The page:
Aby Rosen’s RFR and Vanke Face Foreclosure at Midtown Condo Development

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The joint partnership of RFR Holding and Vanke US — which has been duking it out in court recently — now faces foreclosure at its luxury residential condominium development at 100 East 53rd Street, court records show.

Industrial and Commercial Bank of China (ICBC) filed a lawsuit in New York County Supreme Court on Tuesday to foreclose on the property, also known as 610 Lexington Avenue, after the partnership defaulted on its $360 million construction loan last year, according to the complaint.

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Representatives from RFR and Vanke did not immediately respond to requests for comment. ICBC declined to comment.

Vanke and Aby Rosen’s RFR, under the ownership company 610 Lexington Development LLC, defaulted on its construction loan led by ICBC once it matured in May 2020, according to court documents. The bank sent nearly a dozen letters to the partnership to pony up the outstanding balance of the loan, but they have failed to do so and stopped paying real estate taxes in the summer.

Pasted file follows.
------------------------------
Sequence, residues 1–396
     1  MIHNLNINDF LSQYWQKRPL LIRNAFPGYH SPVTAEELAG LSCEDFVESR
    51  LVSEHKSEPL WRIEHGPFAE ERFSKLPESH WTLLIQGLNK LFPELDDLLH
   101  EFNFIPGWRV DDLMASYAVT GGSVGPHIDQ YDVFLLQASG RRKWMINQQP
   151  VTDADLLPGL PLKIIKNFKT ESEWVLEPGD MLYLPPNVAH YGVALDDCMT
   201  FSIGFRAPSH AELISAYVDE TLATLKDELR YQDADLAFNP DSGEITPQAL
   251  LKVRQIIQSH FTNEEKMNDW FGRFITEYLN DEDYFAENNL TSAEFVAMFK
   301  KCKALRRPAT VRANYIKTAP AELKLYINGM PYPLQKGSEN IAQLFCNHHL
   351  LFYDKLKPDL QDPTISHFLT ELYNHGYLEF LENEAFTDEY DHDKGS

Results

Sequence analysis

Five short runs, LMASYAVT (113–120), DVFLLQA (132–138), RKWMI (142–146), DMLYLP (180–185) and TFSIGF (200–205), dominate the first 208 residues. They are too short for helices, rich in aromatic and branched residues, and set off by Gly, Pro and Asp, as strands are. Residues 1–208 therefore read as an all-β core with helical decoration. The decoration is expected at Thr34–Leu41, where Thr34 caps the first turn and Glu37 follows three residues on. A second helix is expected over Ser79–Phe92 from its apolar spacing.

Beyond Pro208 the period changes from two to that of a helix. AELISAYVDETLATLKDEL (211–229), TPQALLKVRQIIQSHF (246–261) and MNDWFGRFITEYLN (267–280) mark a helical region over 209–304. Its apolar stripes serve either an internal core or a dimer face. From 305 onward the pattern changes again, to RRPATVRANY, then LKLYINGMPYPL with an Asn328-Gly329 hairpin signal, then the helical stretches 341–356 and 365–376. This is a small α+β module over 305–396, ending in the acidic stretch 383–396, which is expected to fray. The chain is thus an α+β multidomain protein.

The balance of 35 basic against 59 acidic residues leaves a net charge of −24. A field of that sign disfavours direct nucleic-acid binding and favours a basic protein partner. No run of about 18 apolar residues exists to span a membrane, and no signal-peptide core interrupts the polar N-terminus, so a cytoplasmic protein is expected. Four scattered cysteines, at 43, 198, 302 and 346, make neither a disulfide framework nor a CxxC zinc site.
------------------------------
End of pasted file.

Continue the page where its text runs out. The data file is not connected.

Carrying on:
The partnership now owes ICBC $270 million, which includes the unpaid balance of the loan and interest, court documents show.

The foreclosure attempt is the latest twist in the legal drama between RFR and Vanke US — the U.S.-based subsidiary of one of the largest residential developers in China, Vanke

RFR and Vanke teamed up to buy the Midtown site in 2014, with plans to build a luxury condo building with retail and restaurant space at the base. Today, Vanke owns a 93 percent stake in the partnership, while RFR has a 7 percent stake.

The pair secured a $360 million construction loan from ICBC in 2015 and launched sales in 2016. Construction finished in 2019, but the development struggled to attract buyers, which only got worse once the coronavirus pandemic hit.

In October, RFR sued Vanke claiming that it “pulled the rug out from under” RFR, after one of Vanke’s affiliates acquired a $115 million controlling interest in the construction debt without notifying RFR, Crain’s New York Business reported.

Vanke shot back the next month with a countersuit to remove RFR as the partnership’s managing member entirely, claiming that the developer engaged “in a pattern of behavior designed to harm the company with a goal of obtaining a buy-out of its own interest at an exorbitant rate.” Earlier this month, Vanke filed another suit against RFR, accusing the company of missing nearly a dozen capital calls for the project and now owing Vanke nearly $700,000.

The 100 East 53rd building isn’t the only one in RFR’s portfolio that the developer is in danger of losing.

Last week, Solil Management sued to end RFR’s ground lease at the historic Gramercy Park Hotel after it fell into default and RFR let the property “fall into a state of utter disrepair,” according to court records.